A professional career was almost impossible, and despite Britain’s ruler being female for most of the nineteenth century until 1901 when Queen Elizabeth died, women were second class citizens. In 1870, Queen Victoria had written, ‘let women be what God intended, a helpmate for man, but with totally different duties and vocations.’ Trint, S. History Learning Site 2010-2011. Women’s Rights. www.historylearningsite.co.uk [accessed 07122011] Women’s subordination to men meant that their prime duty was domestic. Children were an economic responsibility for women - providing food, housing and clothing until the child was independent and could go out to work to provide for the family themselves.
It was in the early 1800s when women began to question various issues such as their roles in society and their rights as a woman, or their lack of rights and unjust inequality in comparison to males. Interestingly though in 1792Marry Wollstonecraft, who was a significant driving force in the women’s right movement, wrote “A Vindication of the Rights of Woman (1792). In her book she argued that women were rational beings who should be able to be educated, earn their own livings, and develop their characters “regardless of the distinction of sex” (pg 24 Alison M Parker). Then in 1820 the activist Frances Wright went on to further publicize her work. At the time Frances Wright was best known for being a early proponent of the notion that marriage was a form of cohesive bondage for women, who there thereby denied the right to inheritances, wages, and joint guardianship of their children.
Running head: SUSAN B. ANTHONY 1 Susan B. Anthony American Women’s Leader and Abolitionist Carolyn S. Okeefe Argosy Online University SUSAN B. ANTHONY 2 Abstract This essay explores the life of Susan Brownell Anthony and the accomplishments she fought for American women to have the right to vote and receive equal pay as men for the same type of work. Anthony fought for over 50 years advocating for the social and legal quality for women. Anthony co-founded the National Woman’s Suffrage Association with fellow feminist, Elizabeth Cady Stanton. Susan B. Anthony was an important symbol of equality. Her efforts of selfless dedication played a major role in the ratification of the 14th amendment of the United States Constitution giving women the right to vote in 1920.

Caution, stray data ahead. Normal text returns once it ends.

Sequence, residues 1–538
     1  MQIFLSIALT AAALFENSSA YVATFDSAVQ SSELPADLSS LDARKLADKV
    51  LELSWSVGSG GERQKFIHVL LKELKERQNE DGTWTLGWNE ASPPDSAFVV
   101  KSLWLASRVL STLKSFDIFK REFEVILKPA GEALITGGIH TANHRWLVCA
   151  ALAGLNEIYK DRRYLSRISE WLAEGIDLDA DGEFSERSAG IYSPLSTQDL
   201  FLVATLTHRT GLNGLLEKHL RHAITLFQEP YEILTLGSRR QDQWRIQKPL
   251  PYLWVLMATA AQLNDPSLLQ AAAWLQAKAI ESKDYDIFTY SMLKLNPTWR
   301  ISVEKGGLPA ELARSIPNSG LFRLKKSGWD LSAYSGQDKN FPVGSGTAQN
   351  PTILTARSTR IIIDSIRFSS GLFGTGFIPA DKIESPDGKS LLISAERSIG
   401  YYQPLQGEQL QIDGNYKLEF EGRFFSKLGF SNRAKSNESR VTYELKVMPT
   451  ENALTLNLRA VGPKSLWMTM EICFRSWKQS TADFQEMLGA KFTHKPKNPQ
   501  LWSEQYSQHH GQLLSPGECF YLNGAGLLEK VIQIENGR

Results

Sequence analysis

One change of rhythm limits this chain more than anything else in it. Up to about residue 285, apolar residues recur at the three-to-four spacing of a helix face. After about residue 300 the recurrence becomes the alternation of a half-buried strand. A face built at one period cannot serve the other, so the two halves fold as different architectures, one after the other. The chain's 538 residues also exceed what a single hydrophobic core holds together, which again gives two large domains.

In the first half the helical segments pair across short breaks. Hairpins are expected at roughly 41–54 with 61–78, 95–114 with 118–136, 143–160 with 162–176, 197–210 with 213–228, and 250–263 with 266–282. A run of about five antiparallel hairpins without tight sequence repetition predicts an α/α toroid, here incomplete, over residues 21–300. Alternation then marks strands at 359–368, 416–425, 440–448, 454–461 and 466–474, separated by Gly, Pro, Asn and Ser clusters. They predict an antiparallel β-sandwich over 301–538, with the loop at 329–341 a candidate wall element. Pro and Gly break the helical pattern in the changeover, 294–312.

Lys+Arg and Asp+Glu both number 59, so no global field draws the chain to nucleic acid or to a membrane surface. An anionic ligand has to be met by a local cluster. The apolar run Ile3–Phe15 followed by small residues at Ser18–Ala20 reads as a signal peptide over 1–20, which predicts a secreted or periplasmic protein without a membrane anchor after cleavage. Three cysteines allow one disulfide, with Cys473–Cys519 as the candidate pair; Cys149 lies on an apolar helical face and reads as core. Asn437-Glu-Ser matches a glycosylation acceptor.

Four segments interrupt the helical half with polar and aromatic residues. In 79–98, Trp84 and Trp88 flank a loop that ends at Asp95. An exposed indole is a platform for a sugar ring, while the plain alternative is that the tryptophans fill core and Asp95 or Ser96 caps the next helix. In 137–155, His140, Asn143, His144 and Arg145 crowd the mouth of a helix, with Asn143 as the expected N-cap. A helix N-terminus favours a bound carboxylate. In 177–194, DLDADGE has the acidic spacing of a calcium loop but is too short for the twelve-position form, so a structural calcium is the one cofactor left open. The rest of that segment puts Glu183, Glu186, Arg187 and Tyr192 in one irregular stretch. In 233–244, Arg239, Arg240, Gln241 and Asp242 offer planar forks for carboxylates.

In the mid-sixties and early-seventies the second wave of feminism was formed. According to Kari Meyers Skredsvig, the core argument of the second wave was for equality, not only in the home but also in the workplace (Skredsvig par. 3). This wave also dealt with deeper issues in literature like sexuality and reproductive rights. In these two periods women around the world expressed their frustration with inequality and sexual frustration.
After changing her name to Sojourner Truth, she began crisscrossing the nation, exhorting audiences to be born again and take up the cause of abolitionism. Although unable to read or write, she was a woman of rare intelligence and uncommon courage. During the late 1840s she began promoting the woman's rights movement and in 1851 attended the convention in Akron, Ohio. There she discovered that many participants objected to her presence for fear that her abolitionist sentiments would deflect attention from women's issues. Hisses greeted the tall, gaunt woman as she rose to speak: "Woman's rights and niggers!"